Monday’s with Martens 11.27.17
By some estimates, shoppers were spending $1 million per minute at the peak of Black Friday. By the close of business, $5 billion was estimated to have been spent online. Estimates are that Cyber Monday will be even bigger with digital sales of $6.5 billion; signs that the retail experience in the future will be totally different than it is today. Tailored customer experiences and seamless integration of online and brick-and-mortar will be pillars of the retail experience. The following are some insights into how retailers are preparing for the future.
Customer experience is more important than ever before. The customer has more choices and more variety than ever before, what we have grown to expect online, we are taking into the store. That puts a tremendous amount of pressure on retailers to meet those expectations. Retailers have to cater to that. One of the main points of higher expectations is in surprise and new and different. There is an element of surprise of new demands because we have gotten used to the Internet where everything changes every minute, and we don’t want to walk into the same old boring store. In order to drive people in to a retail space, you need to offer something different.
This especially applies to large retailers, which have a copy-paste model where everything is the same and you rotate merchandise every few months. Pop-ups give retailers an opportunity to offer something new and different and to experiment with new store formats and new product lines. For the big stores, it is a chance to experiment with new products and test new markets before committing to a long-term lease. Pop-ups can also be really popular for smaller up-start brands that can’t commit to a long-term lease. A pop-up gives them entry points into a market and to customers.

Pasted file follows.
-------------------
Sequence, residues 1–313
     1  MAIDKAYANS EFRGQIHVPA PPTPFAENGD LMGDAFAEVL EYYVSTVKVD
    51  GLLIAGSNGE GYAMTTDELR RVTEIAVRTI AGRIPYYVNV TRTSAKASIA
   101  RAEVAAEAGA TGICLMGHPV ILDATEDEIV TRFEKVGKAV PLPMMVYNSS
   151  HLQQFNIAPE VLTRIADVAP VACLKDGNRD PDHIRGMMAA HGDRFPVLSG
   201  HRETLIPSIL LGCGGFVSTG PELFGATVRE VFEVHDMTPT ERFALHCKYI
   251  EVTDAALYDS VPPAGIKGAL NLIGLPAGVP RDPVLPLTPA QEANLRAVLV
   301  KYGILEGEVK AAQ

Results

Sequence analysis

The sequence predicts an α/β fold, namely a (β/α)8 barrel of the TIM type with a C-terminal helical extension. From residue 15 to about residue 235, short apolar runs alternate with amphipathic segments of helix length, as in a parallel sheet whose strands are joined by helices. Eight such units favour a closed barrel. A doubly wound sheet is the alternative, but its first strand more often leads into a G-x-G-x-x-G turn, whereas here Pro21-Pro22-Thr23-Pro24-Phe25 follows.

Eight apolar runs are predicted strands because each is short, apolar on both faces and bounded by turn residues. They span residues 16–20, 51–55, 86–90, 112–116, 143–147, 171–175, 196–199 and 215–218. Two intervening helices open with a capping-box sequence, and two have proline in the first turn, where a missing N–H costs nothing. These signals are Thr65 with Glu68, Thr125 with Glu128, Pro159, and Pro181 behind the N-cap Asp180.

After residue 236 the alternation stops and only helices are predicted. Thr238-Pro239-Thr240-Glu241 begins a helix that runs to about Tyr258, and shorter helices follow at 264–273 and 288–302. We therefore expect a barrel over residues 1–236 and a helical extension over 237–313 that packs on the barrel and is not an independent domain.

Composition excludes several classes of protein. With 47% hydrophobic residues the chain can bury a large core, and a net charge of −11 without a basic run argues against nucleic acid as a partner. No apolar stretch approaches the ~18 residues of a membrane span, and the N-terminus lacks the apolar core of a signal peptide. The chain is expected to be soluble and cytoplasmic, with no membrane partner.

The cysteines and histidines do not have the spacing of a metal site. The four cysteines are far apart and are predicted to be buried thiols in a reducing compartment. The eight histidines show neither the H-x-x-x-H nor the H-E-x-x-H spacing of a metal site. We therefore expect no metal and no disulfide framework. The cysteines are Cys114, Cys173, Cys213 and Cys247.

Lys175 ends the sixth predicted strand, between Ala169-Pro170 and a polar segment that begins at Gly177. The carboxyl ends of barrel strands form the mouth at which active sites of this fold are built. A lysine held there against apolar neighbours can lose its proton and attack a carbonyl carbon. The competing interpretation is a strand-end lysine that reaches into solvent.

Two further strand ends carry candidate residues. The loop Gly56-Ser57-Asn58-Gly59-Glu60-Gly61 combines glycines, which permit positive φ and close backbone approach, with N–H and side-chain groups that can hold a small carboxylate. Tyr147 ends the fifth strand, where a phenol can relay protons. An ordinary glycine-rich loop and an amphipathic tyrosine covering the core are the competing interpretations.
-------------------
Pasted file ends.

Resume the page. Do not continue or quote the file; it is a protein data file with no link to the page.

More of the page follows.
The landlord has to play a much more active role in both generating traffic and in working with the retailers. There is recognition that retailers and landlords need to partner more as opposed to have a more traditional tenant-landlord relationship. They are partnering on data initiatives. A simple example is that a landlord is looking to install technologies or creating mobile apps that can assemble retailers or connect consumers to different stores, and digitally create a partnership that together drives sales at the properties. We see landlords investing more in retailers. Landlords need to be more active in trying to generate traffic and reach out to consumers digitally. One of the ways that you see that is in the social media marketing efforts.
No one knows the perfect solution. The best way to figure it out is through experimentation. Omni-channel is very expensive. Retailers have this new higher cost and an uncertain future, and the solution at the moment is experimenting. Pop-ups have become a way to collect data on the consumer. This can help inform a retailer’s long-term strategy, and the most savvy and smartest retailers are leveraging pop-ups to collect data.
It is hard to say exactly what is going to happen with certain technologies and where you should invest. That is the challenge that the entire industry is facing. Fundamentally, any time you have a period of change and transition like we are going through now with omni-channel, there are always winners and losers. We will see retailers fail to keep up and we will see retailers that fill in the gap and adapt really well.
Retail Lease Terms
A lot more flexibility and early termination clauses are being built into leases today. That really answers the question of what happens in five years if retail is completely different. The landlord, in many cases, will almost always compromise with a tenant rather than lose it.
Source: Forbes, GlobeStreet.com, CBRE Future of Retail, CNN Money